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IMO declaration – “a more ambitious decarbonization strategy”

Norway-based marine insurer and Group Club Gard has said that the recent unanimously-agreed International Maritime Organization (IMO) declaration of the ambition to reach net-zero GHG emissions from international shipping “close to 2050” would have implications for shippers because over the next 25 years we would be entering a “fragmented fuel landscape”.

The IMO is now targeting at least a 20% reduction by 2030 and 70% by 2040, compared to 2008 emission levels. The new strategy also includes “striving” for even higher reductions than this by 2030 and 2040.

Shipping of cargo and passengers within, into and from the EU/EEA will be subject to carbon pricing through the EU emission trading system (ETS) from January 1st 2024. This was expected to cost the industry some €8bn to €10bn per year once fully implemented in 2026. The new IMO strategy also introduces emission pricing mechanisms, with different approaches to be assessed.

Gard noted Clarksons’ estimate that 44% of the global order book was alternative fuelled in the first half of 2023. “In the more fragmented fuel landscape, availability could be a risk and it is vital that the global bunkering infrastructure keeps pace with the developments in the industry”, said Gard, adding that green shipping corridors and the ambitions in the Clydebank Declaration would be imperative in the transition.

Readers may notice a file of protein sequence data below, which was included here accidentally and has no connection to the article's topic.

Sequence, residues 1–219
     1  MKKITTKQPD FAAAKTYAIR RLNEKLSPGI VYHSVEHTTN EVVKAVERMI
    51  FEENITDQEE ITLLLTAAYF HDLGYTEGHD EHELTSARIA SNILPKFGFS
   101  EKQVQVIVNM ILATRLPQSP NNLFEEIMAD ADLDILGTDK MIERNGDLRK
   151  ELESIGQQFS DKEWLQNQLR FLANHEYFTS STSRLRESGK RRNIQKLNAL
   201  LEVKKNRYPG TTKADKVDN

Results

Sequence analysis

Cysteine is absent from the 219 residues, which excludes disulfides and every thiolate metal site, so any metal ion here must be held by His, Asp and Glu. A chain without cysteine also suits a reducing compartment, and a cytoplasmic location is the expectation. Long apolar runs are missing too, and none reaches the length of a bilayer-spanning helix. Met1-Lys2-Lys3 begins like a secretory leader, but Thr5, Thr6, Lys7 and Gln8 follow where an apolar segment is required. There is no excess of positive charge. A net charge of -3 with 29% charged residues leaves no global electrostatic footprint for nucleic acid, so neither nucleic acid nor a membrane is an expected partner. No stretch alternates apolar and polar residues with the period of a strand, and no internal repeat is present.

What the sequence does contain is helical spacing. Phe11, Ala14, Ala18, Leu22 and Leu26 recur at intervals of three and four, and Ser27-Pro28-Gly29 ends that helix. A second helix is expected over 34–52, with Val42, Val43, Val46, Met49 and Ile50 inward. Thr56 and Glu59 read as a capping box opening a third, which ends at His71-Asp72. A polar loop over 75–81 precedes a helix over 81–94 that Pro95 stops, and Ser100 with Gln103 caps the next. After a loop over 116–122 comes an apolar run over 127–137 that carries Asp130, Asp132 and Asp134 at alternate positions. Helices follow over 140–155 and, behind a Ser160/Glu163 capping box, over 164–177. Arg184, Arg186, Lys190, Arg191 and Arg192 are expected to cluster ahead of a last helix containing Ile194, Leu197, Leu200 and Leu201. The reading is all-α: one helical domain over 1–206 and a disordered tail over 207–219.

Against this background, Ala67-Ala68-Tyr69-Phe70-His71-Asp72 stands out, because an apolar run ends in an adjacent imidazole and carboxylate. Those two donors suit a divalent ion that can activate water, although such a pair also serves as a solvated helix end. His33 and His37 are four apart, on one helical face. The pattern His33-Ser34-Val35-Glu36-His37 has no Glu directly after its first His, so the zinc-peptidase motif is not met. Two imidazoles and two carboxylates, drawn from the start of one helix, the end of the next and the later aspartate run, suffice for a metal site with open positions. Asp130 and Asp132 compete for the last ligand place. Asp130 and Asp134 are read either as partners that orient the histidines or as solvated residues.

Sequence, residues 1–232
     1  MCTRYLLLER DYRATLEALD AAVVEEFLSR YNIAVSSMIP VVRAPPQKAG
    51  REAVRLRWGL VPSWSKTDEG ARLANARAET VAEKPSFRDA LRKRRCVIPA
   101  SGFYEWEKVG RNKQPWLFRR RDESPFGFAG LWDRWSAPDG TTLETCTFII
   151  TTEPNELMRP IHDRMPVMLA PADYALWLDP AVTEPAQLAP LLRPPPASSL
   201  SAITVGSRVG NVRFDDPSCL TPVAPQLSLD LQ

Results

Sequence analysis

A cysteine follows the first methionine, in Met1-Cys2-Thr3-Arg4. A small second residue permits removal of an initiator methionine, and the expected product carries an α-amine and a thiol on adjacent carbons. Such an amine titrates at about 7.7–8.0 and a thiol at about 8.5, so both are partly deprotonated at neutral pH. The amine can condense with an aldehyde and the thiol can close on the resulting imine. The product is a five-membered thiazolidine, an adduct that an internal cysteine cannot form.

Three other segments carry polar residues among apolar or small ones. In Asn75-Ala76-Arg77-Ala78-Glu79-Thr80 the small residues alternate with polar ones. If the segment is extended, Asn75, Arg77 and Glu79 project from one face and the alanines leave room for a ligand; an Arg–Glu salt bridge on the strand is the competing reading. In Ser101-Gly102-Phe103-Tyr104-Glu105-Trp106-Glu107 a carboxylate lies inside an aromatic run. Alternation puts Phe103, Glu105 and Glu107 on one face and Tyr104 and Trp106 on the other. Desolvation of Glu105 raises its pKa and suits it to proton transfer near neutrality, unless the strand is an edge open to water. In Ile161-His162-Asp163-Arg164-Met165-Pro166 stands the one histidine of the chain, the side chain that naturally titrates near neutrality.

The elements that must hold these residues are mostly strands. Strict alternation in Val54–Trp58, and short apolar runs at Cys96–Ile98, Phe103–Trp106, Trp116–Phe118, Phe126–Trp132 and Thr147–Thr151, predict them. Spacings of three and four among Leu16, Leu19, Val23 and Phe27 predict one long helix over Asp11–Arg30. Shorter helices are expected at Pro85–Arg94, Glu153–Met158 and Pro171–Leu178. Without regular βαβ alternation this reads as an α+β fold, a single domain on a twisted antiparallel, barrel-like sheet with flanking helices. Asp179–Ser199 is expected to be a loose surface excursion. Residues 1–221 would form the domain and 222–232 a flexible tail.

Gard said that there would be an alteration of risk. If a vessel grounds, the environmental implications of a possible bunker oil spill pose considerable concerns. Alternative fuels are generally less harmful to the immediate environment but present other potential safety consequences. Ammonia is highly toxic; hydrogen is explosive, and batteries can catch fire. New technology could also alter the risk picture for machinery failures, and the correct operations and handling of new fuels will be vital, the insurer said.


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